At the end of a long day at the Goethe/SSDA Flow Workshops, I feel like I’m back in secondary school. My hands– all of our hands– have been running across paper all day, responding to prompts that our facilitator, Muthoni Garland reads out from the front of the room. We read texts and respond to them. We break off for tea and lunch around our table and have the chance to speak with one another.
But for most of the day we engage with our pens, periodically selecting sentences from our free written paragraphs to copy onto slips of paper, which we place in envelopes which we will carry with us after the event. A memento of sorts, of the hours that we have spent in this room. We read Warsan Shire’s poem Home, and a hush falls over the room right after, a deep feeling casts its shadow over us all. There is a heaviness in those phrases, in the image of people running away from the mouth of a shark, only to meet xenophobia on the other side: “Go home, dirty immigrants.”
“If you were to leave home, what photographs would you carry with you?”
I carry a photograph of my family, the first time we ever went to Mombasa. My mom and my sisters and I stand in a straight line in front of the Indian Ocean. A plastic bag is a few meters in front of my mother’s legs. I have no idea why it ended up in the final photograph. This was right after things had changed drastically in our family. You know how you scratch a card when you buy credit for your phone? now imagine that there’s layers and layers to be scratched. And imagine that it’s somewhere on your body, on your skin. And what you’re scratching is not the thin silver, but literally pieces of yourself that you’ve used to cover up something you don’t want to remember. That’s what happens towards the end of the day.
Muthoni asks us to look at the photo, to describe the surface. Then she asks us to return to it, to uncover another layer: to describe the smells, the tastes, the sounds that we associate with the moment of that photograph. Then to think about the person in the photograph. I start to feel uncomfortable, exposed, almost like I am picking at a scab that’s not fully healed. Picking and picking and picking continuously. I am digging in and towards a truth that I do not want to remember. I keep writing. With every stroke of pen against paper I am scratching deeper at the scab. I fear that if I scratch too deep, I will lose some grounding. I will fall and never come back up. I struggle for something to hold on to. Every time I felt as though I had gone as far as I can, Muthoni reads out another instruction, prompting us all to dig deeper, forcing me to scratch further into a memory that wasn’t very comfortable to begin with. At the beginning of this exercise, Muthoni had read out a quote: “To survive we must forget. But to write, you must remember.” And with each layer I scratched off my survival became more and more important and the voice screaming “Run! Stop writing! Stop engaging. Stop remembering.” grew louder and louder.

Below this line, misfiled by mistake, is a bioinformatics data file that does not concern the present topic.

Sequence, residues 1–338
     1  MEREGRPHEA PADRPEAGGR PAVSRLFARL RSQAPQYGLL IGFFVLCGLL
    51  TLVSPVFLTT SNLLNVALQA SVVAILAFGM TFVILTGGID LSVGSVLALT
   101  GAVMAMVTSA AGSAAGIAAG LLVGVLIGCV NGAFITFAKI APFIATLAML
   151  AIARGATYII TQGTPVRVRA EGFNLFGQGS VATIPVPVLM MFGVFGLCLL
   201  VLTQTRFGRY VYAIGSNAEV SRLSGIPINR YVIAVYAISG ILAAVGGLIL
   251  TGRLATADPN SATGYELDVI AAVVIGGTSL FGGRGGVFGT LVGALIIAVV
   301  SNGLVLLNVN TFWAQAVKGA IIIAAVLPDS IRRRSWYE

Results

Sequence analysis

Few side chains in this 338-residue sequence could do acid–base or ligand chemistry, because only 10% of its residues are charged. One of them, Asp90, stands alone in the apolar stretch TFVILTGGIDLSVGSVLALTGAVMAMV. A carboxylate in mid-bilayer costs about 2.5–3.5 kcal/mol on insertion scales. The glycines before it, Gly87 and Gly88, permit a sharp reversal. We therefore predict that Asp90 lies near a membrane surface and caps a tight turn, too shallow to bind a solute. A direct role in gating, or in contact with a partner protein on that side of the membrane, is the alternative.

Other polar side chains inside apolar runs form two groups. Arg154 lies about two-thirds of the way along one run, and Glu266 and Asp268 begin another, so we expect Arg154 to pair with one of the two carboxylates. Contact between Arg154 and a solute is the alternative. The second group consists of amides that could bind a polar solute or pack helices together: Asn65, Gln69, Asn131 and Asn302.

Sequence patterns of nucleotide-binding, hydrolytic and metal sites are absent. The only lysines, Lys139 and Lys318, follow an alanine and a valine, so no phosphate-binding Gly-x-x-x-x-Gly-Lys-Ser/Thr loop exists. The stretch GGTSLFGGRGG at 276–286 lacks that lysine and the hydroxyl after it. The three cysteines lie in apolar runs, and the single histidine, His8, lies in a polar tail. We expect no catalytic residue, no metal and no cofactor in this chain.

My hand was dull and tired before, and now it feels like it is positively on fire. I want to stop writing, but this is a writing workshop. If I stop I will be the only one not writing in the room. The momentum of the group keeps me going. Scratch. Scratch. Scratch some more.
“How much of what we remember was truth?”
When I see this photo of us at the ocean, I think of orange juice. Of drinking Quencher orange juice out of plastic 500ml bottles at the bus stop at Mtito Andei, on our way to Mombasa. On the photo album, this photo– of us at Mtito Andei– is on the page next to the one at the ocean. How much of the orange juice is what I actually remember, and how much of it is what I remember from looking at these photos over and over again? How much of what we remember is truth, and how much of it is created myth from years of telling the same story over and over again? How much is the myth that we tell ourselves because it is more comforting than the truth?
“Bleed onto the page.”
It’s what Muthoni Garland says to us when I share my experience of scratching, when I ask her how to access those places of pain, of deep intimacy and vulnerability, without losing one’s self. She says, that the best writing, the best stories come from those places. That sometimes you can tell that a writer was not fully committed to their story, sometimes the page is dry; there is no blood on it, and you, the reader, can tell when you read. Bleed onto the page, she says.
Of course, that’s easier said than done.
I’ll be honest. This is something that terrifies me. I’m not sure I can do it and maintain my sanity. But I imagine that it’s the kind of thing that writers such as Yvonne Vera and Dambudzo Marechera had mastered, the ability to lay bare and open on the page, then to take a pen to their chest and to cut open and to bleed beautiful words.
To any fellow workshop participants reading this, thank you so much for bringing yourself into that room and laying yourself bare. I feel like I talked way too much, especially thinking back to how some of you spoke sparingly but said things that I have no doubt I will remember (I’m looking at you and your incredible random fact, Julie). I’m grateful for our conversations and the bonding we experienced over chicken and hand cramps. And also, we need MFA programs for Africans because the experience of sitting in a writing workshop with 10 other Kenyan writers? Priceless.